Whether it’s because it was the only home available in your price range or because you’ve always dreamed of having one, you bought an older home. It could be from the 18th century or a 1950s midcentury modern house, but either way it probably needs a little love.
How do you get a home built before the days of smart thermostats and heated bathroom floors to meet your modern-day needs? It’s entirely possible to seamlessly blend modern function and old aesthetic, but it’s important to approach each update with the right balance to ensure one doesn’t cancel out the other.
Making updates the right way is important not only for your own peace of mind, but also to your return on investment. A well-updated, older home is going to receive far more interest and, hopefully, higher offers than a house that looks like it’s having an identity crisis. Here are a few rules to keep in mind when updating an older home with modern amenities.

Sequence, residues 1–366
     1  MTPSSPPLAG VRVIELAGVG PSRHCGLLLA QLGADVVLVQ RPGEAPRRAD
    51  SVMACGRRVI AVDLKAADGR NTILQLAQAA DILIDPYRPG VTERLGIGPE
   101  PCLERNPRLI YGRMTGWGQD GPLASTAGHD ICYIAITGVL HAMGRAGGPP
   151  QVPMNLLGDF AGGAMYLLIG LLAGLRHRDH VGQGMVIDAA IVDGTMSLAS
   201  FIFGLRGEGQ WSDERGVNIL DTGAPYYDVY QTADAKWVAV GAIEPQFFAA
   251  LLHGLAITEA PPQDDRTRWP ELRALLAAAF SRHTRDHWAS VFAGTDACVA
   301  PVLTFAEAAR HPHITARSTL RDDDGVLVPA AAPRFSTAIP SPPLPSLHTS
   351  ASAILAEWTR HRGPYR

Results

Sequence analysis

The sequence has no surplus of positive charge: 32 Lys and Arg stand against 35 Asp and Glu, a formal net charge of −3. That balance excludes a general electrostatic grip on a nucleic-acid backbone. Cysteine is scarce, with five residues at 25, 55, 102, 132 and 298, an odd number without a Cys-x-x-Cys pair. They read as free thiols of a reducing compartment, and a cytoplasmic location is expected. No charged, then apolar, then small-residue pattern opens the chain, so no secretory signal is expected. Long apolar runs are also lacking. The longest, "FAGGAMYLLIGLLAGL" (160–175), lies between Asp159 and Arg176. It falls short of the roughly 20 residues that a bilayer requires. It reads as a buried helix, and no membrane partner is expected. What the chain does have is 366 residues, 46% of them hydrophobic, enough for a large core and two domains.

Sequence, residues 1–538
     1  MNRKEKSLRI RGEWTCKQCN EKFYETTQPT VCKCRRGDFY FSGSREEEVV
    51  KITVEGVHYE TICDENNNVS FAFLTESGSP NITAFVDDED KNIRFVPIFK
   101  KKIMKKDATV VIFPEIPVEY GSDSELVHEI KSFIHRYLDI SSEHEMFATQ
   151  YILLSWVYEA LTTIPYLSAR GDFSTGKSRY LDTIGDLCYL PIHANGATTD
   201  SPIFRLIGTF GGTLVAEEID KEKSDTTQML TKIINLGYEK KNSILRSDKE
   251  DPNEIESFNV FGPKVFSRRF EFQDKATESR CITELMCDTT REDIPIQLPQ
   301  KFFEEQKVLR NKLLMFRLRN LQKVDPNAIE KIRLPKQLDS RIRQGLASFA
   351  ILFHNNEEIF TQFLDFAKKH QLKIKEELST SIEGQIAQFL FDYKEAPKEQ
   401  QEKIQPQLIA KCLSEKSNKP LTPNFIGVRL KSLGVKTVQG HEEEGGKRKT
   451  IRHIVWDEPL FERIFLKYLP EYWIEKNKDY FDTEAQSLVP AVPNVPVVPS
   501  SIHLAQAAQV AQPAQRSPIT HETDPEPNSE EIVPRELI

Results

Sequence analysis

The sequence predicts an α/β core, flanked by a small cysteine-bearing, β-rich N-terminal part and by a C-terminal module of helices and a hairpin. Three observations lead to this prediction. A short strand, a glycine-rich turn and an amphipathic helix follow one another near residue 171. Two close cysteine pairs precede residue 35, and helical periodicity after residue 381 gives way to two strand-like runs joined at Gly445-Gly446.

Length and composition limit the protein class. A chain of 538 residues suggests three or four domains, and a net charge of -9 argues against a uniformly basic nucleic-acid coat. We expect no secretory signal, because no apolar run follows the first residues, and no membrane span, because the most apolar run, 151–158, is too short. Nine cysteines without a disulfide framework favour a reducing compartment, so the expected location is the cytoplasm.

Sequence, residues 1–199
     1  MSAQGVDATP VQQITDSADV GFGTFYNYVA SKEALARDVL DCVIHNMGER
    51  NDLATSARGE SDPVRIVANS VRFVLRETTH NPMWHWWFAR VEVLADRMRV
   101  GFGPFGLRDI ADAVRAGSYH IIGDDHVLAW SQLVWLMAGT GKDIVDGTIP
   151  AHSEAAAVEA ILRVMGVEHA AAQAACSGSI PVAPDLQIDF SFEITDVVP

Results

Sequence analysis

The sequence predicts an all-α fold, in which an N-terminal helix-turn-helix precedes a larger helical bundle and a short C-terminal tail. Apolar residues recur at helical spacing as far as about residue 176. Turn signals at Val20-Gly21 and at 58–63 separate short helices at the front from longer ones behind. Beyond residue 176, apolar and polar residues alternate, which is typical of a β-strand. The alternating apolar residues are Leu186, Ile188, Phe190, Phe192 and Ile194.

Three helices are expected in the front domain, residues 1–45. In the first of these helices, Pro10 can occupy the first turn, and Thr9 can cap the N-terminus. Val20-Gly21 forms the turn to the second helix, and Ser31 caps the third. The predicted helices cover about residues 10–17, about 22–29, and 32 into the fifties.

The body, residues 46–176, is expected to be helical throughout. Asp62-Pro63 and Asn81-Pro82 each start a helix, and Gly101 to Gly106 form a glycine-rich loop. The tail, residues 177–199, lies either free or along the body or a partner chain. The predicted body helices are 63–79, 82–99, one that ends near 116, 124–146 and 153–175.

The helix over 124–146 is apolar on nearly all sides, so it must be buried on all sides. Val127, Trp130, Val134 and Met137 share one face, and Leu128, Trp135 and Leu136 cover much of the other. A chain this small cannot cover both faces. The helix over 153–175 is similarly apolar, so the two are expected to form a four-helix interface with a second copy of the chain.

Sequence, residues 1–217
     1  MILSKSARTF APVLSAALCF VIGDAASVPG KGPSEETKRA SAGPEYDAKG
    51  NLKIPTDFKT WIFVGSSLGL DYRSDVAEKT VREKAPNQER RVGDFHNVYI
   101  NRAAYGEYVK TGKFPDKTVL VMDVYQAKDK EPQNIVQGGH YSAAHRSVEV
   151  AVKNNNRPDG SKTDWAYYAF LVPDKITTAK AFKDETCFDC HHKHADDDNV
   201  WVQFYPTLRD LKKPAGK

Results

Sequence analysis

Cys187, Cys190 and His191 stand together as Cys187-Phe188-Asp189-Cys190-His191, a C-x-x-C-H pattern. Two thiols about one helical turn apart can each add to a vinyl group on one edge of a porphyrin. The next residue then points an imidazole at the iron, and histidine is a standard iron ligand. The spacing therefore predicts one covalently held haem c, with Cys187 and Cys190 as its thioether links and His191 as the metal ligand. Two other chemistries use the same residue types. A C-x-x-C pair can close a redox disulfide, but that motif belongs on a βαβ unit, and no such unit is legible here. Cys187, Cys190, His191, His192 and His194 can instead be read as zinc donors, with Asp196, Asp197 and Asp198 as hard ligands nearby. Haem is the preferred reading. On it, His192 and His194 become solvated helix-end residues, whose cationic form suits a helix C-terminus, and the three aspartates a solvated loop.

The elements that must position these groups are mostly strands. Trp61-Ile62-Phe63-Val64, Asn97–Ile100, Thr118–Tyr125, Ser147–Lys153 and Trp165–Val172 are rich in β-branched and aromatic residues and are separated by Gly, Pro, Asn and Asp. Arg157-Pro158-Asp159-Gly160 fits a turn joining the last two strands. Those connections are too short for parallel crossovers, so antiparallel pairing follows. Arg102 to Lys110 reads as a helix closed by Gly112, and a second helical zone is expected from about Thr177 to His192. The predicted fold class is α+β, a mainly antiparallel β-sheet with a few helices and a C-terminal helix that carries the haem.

Everything should be in proportion. Many parts of a home’s design are carefully crafted to fit properly with each other, even if it’s not obvious. Changing one part of a room without adjusting other aspects accordingly could leave you tilting your head, trying to figure out why it just doesn’t look right anymore.
Window height and front porch railings serve as a key example, and one that can easily throw off the look of the home’s exterior. While a standard railing height today is 3 feet, windows from previous generations might sit a bit lower. So if you update a porch and place the railing to meet with modern norms or building codes, suddenly the lines don’t match up.
“It looks like a funhouse railing – it’s stretched out and it’s out of proportion to the house, so it doesn’t resonate with your subconscious correctly,” says Ken Roginski, an architectural design and restoration consultant in Freehold, New Jersey, where he operates his firm, Old House Guy LLC, and a restoration blog of the same name.